People who have anxiety are often misunderstood simply for the fact that they overthink literally everything which makes them die with stress because of how much they feel deep within themselves.
In fact, those who are diagnosed with anxiety have a much broader understanding of the world around them, knowing all too well of pain and suffering on an extreme level such as theirs.
They cannot shut off the way the feel, which makes them some of the most extreme empaths that you will ever meet in the world.
A study that was conducted at SUNY Downstate Medical Center located in New York, was able to demonstrate that those who suffer from having extreme anxiety actually tested much higher on their IQ tests that the others who did not have as much anxiety. The research that was collected was based on the tests that were designed to measure people’s verbal intelligence.
Dr. Jeremy Coplan stated this in concern of the study:
“While excessive worry is generally seen as a negative trait and high intelligence as a positive one, worry may cause our species to avoid dangerous situations, regardless of how remote a possibility they may be.”
Another amazing study that was published in the European Journal of Psychology was able to show participants that reported suffering from anxiety are destined to be much quicker in detecting danger as well as being a lot quicker in being able to respond to those particular threats compared to the other participants. Stated in the study:
“Social defense theory (Ein-Dor et al., 2010) proposes that in threatening situations, people who score high on attachment anxiety quickly detect the presence of threat and then alert other group members to the danger and the need for protection. Supporting this line of reasoning, we found that participants high in attachment anxiety were less willing to be delayed on their way to deliver a warning message.”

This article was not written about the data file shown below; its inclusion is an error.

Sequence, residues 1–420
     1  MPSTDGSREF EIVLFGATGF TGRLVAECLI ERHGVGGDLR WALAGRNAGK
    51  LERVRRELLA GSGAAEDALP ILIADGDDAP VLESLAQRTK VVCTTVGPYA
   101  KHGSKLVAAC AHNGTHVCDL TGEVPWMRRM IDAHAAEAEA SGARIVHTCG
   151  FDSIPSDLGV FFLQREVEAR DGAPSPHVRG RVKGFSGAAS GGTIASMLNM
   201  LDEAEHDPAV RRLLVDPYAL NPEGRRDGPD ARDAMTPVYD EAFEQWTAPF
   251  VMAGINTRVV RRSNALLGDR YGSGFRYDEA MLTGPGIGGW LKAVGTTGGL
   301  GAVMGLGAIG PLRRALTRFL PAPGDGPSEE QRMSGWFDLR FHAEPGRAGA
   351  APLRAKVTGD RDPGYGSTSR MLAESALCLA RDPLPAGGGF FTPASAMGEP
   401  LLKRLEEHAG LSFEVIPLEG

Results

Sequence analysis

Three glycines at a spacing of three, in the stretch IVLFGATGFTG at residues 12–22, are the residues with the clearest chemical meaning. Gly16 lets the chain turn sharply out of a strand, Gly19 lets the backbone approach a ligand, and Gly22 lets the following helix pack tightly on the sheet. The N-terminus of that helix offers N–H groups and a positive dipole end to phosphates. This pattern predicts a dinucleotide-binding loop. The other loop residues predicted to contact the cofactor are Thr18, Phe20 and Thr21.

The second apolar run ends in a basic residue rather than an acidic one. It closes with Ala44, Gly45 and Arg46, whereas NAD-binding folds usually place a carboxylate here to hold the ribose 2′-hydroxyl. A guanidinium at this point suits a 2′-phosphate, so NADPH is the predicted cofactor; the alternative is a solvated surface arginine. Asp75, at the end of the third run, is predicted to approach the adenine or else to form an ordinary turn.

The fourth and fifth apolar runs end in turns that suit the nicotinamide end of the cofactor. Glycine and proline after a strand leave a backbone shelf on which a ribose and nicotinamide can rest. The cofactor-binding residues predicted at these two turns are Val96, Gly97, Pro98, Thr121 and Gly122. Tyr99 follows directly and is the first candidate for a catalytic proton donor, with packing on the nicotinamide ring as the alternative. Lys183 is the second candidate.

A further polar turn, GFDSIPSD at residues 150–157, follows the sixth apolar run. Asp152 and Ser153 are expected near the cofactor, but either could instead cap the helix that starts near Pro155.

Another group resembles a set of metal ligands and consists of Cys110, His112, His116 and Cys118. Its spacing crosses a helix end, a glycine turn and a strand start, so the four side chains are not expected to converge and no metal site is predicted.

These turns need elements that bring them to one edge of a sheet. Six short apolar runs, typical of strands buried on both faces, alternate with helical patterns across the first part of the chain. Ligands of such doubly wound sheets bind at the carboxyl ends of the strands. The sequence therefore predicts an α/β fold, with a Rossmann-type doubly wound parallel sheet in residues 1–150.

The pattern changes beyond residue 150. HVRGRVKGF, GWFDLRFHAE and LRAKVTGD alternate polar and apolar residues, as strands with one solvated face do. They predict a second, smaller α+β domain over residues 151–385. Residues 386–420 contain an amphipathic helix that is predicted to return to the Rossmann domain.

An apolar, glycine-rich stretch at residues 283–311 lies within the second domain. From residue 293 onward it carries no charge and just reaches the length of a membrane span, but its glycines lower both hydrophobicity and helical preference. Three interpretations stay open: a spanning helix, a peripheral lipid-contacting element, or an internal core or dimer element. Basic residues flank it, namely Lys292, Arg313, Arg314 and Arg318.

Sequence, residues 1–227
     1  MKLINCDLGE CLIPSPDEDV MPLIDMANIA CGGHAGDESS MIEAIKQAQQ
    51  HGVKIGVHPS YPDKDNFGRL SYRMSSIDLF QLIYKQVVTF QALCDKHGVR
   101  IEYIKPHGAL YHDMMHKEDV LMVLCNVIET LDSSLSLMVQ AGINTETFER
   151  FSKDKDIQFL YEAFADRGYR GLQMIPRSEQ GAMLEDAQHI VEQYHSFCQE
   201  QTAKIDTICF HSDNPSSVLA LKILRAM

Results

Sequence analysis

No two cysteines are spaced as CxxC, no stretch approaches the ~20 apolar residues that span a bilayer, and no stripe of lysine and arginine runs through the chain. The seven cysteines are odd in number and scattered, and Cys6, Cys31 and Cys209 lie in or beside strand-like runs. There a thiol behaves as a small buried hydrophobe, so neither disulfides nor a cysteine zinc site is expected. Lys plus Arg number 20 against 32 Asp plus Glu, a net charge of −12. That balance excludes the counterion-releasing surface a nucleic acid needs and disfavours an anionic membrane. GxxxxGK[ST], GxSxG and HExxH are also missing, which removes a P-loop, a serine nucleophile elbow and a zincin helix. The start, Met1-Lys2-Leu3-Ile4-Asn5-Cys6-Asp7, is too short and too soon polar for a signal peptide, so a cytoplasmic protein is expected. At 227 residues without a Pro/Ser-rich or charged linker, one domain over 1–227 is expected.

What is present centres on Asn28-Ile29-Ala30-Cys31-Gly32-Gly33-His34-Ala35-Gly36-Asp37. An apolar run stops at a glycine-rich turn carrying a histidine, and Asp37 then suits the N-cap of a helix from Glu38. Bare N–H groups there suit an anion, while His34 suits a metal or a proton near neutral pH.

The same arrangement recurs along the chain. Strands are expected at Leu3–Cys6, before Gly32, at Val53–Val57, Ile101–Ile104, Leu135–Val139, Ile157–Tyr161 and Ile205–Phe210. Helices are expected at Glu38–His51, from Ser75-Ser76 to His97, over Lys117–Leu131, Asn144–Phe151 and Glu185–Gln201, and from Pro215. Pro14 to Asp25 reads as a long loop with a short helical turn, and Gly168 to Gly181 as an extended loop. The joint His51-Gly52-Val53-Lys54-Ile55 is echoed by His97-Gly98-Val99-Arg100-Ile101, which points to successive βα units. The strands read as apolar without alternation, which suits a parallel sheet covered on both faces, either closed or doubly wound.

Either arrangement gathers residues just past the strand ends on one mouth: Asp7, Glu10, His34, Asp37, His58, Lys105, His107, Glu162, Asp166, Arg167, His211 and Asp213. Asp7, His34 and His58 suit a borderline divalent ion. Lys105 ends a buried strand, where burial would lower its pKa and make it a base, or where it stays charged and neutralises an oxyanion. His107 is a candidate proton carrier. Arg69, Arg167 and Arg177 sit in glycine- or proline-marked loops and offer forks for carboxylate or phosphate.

To dissect this a little bit further, one of the possibilities from these kinds of results could mean that anxious people are altruistic. To go even further into this, being in the mindset of the animal kingdom, species that are able to detect/respond to threats the quickest are the most likely to survive in the wild.
There are even some species in particular that rely on having these kinds of anxiety-prone instincts in order to alert the rest of the herd when certain threats are taking place.
What this all boils down to is that perhaps anxiety was an evolutionary advantage back when we were all still in tribes with one another and needed someone to be constantly alert in order for the rest of the tribe to survive based solely on this one individual who so happened to have extreme anxiety.
Even though we are no longer in tribes and shouldn’t necessarily be called an “advantage” but these studies should give you some insight as to why this certain trait developed the way that it did.